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Did you break in your engine? (Low rpm, no highway, for first 1000km)

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Discussion Starter #1
I have been "breaking in" my new 2019. And I know lots of people say it's not needed but I figure it can't hurt to do it anyways.

By break in I mean keeping the rpms under 3000, and zero highway driving, and going easy on acceleration. All for the first 1000 km. I'm at about 800 km now and can't wait till I'm all done! Please let me know in the poll!
 

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I don't think you need to avoid highway driving. Highway driving is actually quite relaxing for an engine, which is why the fuel economy is better. There used to be a concern about not keeping the RPM's at a steady drone for a long while, but that's actually not a concern with a CVT as the RPM's routinely fluctuate to keep the car going at a constant speed to account for terrain.
 

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Discussion Starter #3
I don't think you need to avoid highway driving. Highway driving is actually quite relaxing for an engine, which is why the fuel economy is better. There used to be a concern about not keeping the RPM's at a steady drone for a long while, but that's actually not a concern with a CVT as the RPM's routinely fluctuate to keep the car going at a constant speed to account for terrain.
Yeah I was concerned with the droning rpm. I get the CVT would fluctuate more but I still think if you're on a flat road it would still be pretty steady rpm no?
Either way. Hard to say what totally works. Wasn't too hard for me to stay off the highway so not too bad.

Interesting to see other people broke in, I was assuming I was being overly cautious.
 

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there is language in the owners manual on how to break in. It's not a heavy lift. this is what I followed also.
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Help assure your vehicle’s future reliability and performance by paying extra attention to how you drive during the first 600 miles (1,000 km).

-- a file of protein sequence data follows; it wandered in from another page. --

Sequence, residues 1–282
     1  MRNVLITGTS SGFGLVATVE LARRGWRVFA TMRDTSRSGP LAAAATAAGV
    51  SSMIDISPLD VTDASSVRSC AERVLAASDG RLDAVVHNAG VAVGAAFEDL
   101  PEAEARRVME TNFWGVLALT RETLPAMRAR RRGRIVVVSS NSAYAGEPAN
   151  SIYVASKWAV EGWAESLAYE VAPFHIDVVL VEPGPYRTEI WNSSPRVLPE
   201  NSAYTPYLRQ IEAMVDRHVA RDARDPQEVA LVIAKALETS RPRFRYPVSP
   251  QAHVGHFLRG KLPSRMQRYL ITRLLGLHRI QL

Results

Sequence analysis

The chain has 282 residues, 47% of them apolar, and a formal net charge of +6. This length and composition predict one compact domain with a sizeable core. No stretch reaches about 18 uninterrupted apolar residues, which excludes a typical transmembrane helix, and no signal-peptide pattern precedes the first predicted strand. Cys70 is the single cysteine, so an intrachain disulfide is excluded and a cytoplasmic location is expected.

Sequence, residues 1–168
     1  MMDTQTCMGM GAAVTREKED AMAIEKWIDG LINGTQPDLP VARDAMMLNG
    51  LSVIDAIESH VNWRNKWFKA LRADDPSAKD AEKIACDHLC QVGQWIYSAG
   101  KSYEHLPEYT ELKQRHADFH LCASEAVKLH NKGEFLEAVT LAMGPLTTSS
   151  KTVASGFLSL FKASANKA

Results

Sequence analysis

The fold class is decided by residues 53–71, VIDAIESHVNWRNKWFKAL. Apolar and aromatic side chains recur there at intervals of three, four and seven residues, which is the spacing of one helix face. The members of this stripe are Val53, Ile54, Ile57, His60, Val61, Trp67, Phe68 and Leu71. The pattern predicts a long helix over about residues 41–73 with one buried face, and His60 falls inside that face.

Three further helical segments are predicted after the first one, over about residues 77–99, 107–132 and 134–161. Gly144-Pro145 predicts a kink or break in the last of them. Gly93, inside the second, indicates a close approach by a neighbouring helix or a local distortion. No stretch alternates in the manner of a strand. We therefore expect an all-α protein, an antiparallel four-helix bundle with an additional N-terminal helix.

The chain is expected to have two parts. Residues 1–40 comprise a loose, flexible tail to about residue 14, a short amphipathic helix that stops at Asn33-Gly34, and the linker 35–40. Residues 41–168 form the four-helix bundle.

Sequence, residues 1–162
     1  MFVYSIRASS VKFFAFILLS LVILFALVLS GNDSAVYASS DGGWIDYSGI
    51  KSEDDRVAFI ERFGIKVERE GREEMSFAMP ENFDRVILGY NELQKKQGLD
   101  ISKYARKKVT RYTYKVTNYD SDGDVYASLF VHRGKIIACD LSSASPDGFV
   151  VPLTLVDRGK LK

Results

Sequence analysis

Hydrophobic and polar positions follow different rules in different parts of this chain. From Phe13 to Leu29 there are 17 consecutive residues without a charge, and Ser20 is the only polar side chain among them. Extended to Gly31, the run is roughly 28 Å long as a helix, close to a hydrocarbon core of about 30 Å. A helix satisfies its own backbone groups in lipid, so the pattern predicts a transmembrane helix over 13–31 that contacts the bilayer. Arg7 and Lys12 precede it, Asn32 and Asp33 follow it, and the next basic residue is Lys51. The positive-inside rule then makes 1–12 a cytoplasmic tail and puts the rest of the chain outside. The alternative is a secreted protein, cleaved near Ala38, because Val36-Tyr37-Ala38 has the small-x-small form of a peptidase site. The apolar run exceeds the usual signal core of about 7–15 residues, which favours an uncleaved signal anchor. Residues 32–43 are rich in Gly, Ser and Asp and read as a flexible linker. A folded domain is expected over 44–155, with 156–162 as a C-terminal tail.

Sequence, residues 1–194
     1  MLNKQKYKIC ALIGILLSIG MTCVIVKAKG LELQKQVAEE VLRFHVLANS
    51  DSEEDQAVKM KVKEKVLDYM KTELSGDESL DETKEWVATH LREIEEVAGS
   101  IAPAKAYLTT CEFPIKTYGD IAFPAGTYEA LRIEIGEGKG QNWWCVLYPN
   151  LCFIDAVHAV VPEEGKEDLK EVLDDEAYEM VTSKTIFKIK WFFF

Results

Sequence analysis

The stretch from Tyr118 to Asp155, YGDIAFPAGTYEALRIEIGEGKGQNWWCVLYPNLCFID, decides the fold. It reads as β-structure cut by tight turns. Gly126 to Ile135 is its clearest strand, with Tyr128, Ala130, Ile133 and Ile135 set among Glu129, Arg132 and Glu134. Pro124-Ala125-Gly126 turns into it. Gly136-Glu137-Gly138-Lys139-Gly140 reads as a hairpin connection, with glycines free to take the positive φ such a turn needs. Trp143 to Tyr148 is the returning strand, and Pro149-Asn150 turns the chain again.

During this period:

Avoid full-throttle starts and rapid acceleration.
Do not change the oil until the scheduled maintenance time.
Avoid hard braking for the first 200 miles (300 km).
Do not tow a trailer.

You should also follow these recommendations with an overhauled or exchanged engine, or when the brakes are replaced.
 

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My wife's CR-V just crossed the 600 mile mark. Yes, we did baby the motor, however we did do some highway driving, probably 125 miles or so. We did keep the speed down to 65 MPH, so the RPMs stayed between 1800 and 2500. Figure in the near future, I'll see how much moxie the little motor has. Then go back to driving my little gas guzzling truck.
 

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My break-in procedure was to keep it below 10 psi boost for the 1st 500 miles.
 

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ScanGauge II.
 

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Discussion Starter #10
ScanGauge II.
Would love to talk more about that!
I have a OBD2 reader I've bought called bluedriver

As far as I can tell the only "boost" information I can find is the intake manifold absolute pressure.

Is this the measurement you were reading? I think with a calculation im able to get boost psi from that number.

Do you know anything about that?